Nevertheless, corporate disclosure is not enough for banks and investors to make informed lending and investment decisions. This information needs to be standardized to facilitate comparability. It is for this reason financial institutions call for reporting in line with the Global Reporting Initiative (GRI), a standardized global framework for sustainability reporting. This framework has been developed using a multi-stakeholder consensus seeking approach including investors. In 2010, a total of 1866 companies published GRI sustainability reports, out of which 24 were Indian (9).

To further promote sustainability disclosure and obtain corporate sustainability performance data financial institutions are encouraging stock exchanges to include sustainability reporting as criteria in their listing requirements. In January 2011, investor signatories to the UNPRI sent a letter to the top 30 stock exchanges calling on them to encourage firms to adopt integrated reporting, including sustainability information (10).

More recently a 2012 survey of 30 stock exchanges globally found that more than half of the respondents indicated that their exchange had already provided guidance on global sustainability reporting initiatives or materiality of sustainability issues to encourage improved ESG disclosure. Furthermore, 57 percent of respondents agreed that strong sustainability requirements for listed companies made good business sense for the exchange (11). The Johannesburg Stock Exchange in South Africa is touted as a leading example, when it became the first exchange in the world in 2010 to require listed companies to produce an integrated report (12).

In August 2012, the Securities and Exchange Board of India (SEBI) in India issued a circular to all companies listed on the BSE stating that the top 100 listed companies must submit business responsibility reports integrated within their annual reports, in line with the National Voluntary Guidelines on Social, Environmental and Economic Responsibilities of Business, formulated by the Ministry of Corporate Affairs (13). Furthermore, the circular provided a reporting template for companies to facilitate this requirement.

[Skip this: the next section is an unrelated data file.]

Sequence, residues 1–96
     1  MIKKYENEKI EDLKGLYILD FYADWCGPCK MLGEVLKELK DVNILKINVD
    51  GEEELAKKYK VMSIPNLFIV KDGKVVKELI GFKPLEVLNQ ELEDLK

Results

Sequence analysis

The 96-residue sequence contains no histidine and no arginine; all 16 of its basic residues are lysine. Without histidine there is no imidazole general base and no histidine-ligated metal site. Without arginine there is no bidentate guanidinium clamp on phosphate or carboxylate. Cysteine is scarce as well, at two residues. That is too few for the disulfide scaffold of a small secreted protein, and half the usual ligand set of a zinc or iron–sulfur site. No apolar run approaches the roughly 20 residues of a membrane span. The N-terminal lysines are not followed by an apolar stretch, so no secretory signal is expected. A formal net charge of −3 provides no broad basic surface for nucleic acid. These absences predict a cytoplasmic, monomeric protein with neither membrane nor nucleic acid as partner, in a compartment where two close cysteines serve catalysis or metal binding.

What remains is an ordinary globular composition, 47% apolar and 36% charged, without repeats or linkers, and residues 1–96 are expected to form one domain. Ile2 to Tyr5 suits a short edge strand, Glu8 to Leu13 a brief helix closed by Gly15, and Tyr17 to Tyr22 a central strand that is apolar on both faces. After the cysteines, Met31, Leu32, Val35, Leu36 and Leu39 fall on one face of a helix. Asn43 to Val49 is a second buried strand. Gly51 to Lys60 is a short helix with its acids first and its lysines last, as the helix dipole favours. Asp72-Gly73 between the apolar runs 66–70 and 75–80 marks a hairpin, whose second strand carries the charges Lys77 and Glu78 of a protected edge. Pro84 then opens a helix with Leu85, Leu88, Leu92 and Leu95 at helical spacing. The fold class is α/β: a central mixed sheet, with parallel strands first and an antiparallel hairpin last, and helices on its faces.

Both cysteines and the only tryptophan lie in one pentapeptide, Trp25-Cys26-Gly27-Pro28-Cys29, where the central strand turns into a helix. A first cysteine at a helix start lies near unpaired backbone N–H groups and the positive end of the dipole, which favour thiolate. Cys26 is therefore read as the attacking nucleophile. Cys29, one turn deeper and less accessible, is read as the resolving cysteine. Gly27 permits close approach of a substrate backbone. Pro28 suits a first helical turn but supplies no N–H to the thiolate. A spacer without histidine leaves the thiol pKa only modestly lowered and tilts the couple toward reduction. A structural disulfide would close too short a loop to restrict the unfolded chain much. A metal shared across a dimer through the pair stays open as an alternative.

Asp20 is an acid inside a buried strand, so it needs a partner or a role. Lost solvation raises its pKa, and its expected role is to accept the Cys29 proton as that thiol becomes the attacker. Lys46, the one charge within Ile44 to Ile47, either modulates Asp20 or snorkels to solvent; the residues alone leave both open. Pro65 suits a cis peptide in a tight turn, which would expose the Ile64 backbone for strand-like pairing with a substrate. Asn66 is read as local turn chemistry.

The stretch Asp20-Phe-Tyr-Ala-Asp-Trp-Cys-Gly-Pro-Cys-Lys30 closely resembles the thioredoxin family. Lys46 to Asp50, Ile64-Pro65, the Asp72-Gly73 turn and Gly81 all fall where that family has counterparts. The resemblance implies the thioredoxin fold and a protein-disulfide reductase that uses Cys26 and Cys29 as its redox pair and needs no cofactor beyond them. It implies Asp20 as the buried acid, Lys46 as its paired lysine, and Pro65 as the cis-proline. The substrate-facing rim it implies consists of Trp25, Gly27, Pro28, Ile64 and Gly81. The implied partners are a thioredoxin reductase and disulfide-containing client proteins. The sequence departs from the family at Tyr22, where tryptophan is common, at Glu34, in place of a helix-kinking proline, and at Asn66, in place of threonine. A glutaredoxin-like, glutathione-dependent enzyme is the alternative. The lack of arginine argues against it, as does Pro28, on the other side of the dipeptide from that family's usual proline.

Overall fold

Despite the various efforts to promote responsible finance by a mixture of regulatory and voluntary initiatives taken to expand sustainability reporting, there are a number of operational challenges, especially in the Indian context, which stand in the way of responsible finance. The lack of disclosure of sustainability data remains a key challenge, as does the fact that most financial institutions are unable to apply stringent screening criteria, in fear of losing clientele to competition.

It is hoped that if these challenges are overcome, sustainability reporting can further act as an enabler for responsible finance and facilitate the promotion of sustainable development. The economic downturn was an eye-opener to the risks rash lending and investing poses, leading to an increasing number of  responsible investors and banks calling for disclosure on sustainability practices, to mitigate these risks. This call for disclosure can only be responded to effectively through sustainability reporting, hence making it indispensable in the promotion of responsible finance.


(1) EY, GIZ 2012, Responsible Finance – A Catalyst for Responsible Business
(2) IFC 2007,Banking on Sustainability: Financing Environmental and Social Opportunities in Emerging Markets
(3) UNEP FI 2006,Translating ESG into sustainable business value – Key insights for companies and investors
(4) EY, GIZ, 2012, Responsible Finance – A Catalyst for Responsible Business:
(5) EIU, 2010, : Global Trends in Sustainability Performance Management.
(6) MIT Sloan Management Review & BCG, 2012
(7) EIU 2010,
(8) GRI, 2011, GRI Reports List 1999-2011.
(9) UNPRI, 2011, Principles for Investors in Inclusive Finance
(10) Responsible Research, 2011.
(11) Sustainable Stock Exchanges Initiative, 2012.
(12) MCA, 2011, Business Responsibility Reports Circular, August 2012.
(13) SEBI, 2012, Business Responsibility Reports Circular, August 2012